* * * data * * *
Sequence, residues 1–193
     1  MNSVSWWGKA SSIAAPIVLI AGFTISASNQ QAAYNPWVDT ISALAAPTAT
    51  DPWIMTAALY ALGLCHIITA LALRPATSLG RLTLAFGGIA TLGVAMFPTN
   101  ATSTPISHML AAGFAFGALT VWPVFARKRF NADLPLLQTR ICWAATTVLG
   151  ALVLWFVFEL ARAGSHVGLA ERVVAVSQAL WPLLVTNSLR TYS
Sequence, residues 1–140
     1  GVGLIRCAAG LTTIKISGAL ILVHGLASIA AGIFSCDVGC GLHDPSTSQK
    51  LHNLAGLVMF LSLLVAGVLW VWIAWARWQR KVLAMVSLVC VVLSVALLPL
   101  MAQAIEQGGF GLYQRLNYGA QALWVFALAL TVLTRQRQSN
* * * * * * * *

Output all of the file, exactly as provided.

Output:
Sequence, residues 1–193
     1  MNSVSWWGKA SSIAAPIVLI AGFTISASNQ QAAYNPWVDT ISALAAPTAT
    51  DPWIMTAALY ALGLCHIITA LALRPATSLG RLTLAFGGIA TLGVAMFPTN
   101  ATSTPISHML AAGFAFGALT VWPVFARKRF NADLPLLQTR ICWAATTVLG
   151  ALVLWFVFEL ARAGSHVGLA ERVVAVSQAL WPLLVTNSLR TYS
Sequence, residues 1–140
     1  GVGLIRCAAG LTTIKISGAL ILVHGLASIA AGIFSCDVGC GLHDPSTSQK
    51  LHNLAGLVMF LSLLVAGVLW VWIAWARWQR KVLAMVSLVC VVLSVALLPL
   101  MAQAIEQGGF GLYQRLNYGA QALWVFALAL TVLTRQRQSN